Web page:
For the City of Worcester to hold these two community “listening sessions” insults our collective intelligence. We Worcesterites should call ’em out and shout: LUDICROUS!!!

The move is almost as big a joke as the not so long ago hiring of Worcester boy and political insider Ed Augustus as new Woo City Manager AFTER Augustus swore up and down on his granny’s grave that he wasn’t interested in the CM job and would not take it even if it were offered to him as the big prize in a really cool gum ball machine from Unique Finds Antiques and Vintage Gift Store at Webster Square, the neighborhood where Augustus grew up …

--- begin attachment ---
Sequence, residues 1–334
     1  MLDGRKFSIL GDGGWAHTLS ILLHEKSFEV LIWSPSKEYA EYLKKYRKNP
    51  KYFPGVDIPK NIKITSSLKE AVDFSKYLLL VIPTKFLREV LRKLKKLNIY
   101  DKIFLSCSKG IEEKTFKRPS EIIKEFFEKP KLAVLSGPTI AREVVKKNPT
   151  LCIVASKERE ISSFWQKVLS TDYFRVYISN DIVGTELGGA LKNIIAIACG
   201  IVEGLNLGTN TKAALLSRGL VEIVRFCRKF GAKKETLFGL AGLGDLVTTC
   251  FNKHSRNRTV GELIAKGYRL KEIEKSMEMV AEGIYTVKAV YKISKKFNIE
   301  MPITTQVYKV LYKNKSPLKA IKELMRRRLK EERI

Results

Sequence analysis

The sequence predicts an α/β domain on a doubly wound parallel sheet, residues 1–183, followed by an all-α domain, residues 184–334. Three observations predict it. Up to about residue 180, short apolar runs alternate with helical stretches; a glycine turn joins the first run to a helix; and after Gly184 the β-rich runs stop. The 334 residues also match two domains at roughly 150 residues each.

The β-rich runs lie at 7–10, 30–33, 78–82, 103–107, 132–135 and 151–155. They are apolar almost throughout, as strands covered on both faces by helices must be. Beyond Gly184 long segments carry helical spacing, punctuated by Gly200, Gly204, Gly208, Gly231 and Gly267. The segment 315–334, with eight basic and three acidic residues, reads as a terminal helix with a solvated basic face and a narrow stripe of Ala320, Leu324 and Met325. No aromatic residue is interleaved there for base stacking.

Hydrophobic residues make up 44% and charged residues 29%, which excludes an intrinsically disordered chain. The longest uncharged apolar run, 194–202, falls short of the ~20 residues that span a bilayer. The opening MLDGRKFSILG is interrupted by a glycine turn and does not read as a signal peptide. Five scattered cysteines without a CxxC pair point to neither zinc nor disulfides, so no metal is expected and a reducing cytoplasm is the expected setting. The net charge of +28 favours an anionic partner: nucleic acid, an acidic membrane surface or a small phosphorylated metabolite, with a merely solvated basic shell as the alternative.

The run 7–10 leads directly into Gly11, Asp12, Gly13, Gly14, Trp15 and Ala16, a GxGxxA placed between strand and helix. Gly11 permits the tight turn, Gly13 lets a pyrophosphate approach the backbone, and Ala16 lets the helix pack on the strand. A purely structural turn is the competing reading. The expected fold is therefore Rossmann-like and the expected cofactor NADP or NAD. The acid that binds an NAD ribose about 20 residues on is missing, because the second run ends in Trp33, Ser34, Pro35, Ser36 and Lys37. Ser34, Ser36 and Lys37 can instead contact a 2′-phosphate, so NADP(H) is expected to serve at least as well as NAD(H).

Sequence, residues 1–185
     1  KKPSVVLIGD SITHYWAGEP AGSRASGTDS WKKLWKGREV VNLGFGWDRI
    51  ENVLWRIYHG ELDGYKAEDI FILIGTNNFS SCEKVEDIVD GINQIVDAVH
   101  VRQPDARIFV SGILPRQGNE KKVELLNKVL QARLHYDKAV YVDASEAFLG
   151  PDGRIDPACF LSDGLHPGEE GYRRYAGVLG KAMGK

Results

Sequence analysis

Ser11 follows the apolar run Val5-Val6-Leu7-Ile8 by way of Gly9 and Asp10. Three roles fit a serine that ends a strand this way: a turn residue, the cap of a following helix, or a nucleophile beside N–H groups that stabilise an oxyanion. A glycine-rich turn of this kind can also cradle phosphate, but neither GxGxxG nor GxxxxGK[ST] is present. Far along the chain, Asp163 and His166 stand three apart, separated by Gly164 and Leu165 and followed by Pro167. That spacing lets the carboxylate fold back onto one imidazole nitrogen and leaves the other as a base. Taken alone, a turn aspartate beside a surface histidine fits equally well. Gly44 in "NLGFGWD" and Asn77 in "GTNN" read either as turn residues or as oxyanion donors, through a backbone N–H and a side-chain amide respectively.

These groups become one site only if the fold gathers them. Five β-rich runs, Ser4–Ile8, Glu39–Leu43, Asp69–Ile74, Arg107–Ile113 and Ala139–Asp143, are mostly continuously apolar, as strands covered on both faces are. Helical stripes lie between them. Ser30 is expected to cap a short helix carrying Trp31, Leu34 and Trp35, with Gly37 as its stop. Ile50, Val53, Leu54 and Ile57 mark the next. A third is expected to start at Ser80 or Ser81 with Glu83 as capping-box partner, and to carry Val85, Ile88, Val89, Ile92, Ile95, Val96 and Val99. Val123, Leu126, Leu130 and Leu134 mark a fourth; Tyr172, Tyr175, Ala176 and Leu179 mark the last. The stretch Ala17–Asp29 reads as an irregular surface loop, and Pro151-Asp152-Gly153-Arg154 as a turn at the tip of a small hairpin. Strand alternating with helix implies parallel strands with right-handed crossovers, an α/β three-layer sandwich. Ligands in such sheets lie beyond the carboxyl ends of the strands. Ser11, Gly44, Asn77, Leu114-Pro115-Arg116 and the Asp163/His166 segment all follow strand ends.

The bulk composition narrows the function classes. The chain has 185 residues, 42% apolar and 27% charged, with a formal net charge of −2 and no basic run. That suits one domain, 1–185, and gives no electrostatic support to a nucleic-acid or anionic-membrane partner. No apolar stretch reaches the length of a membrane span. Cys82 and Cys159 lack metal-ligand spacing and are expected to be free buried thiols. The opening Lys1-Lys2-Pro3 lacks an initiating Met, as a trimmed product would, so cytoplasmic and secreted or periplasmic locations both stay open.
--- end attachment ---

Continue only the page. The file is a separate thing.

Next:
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… AFTER the City of Worcester hired The Three Stooges Professional Search Firm to conduct a national city manager search to bring in some great job applicants outside the Worcester (cess)pool to be interviewed by supposedly unbiased city leaders …

… who decided AFTER those poor chumps (I mean job candidates) jumped through a billion quirky Worcester hoops to only learn that this screwy city was gonna hire the insider Augustus, but THANK YOU FOR LETTING US WASTE YOUR PRECIOUS TIME … You must have loved spending time HERE IN WORCESTER, spending a few weeks glad handing and schmoozing and answering a million questions posed by sometimes dense city leaders and honest regular folks, some of the questions very personal (remember the WPS Superintendent candidate who had declared bankruptcy or the most EXCELLENT, HARVARD-educated WPS Superintendent candidate who came in all the way from New Mexico?). … THANKS FOR BEING IN THE WORCESTER DOG AND PONY SHOW, folks! We’re certain you’ll speak highly of our city to friends, family and colleagues wherever you go!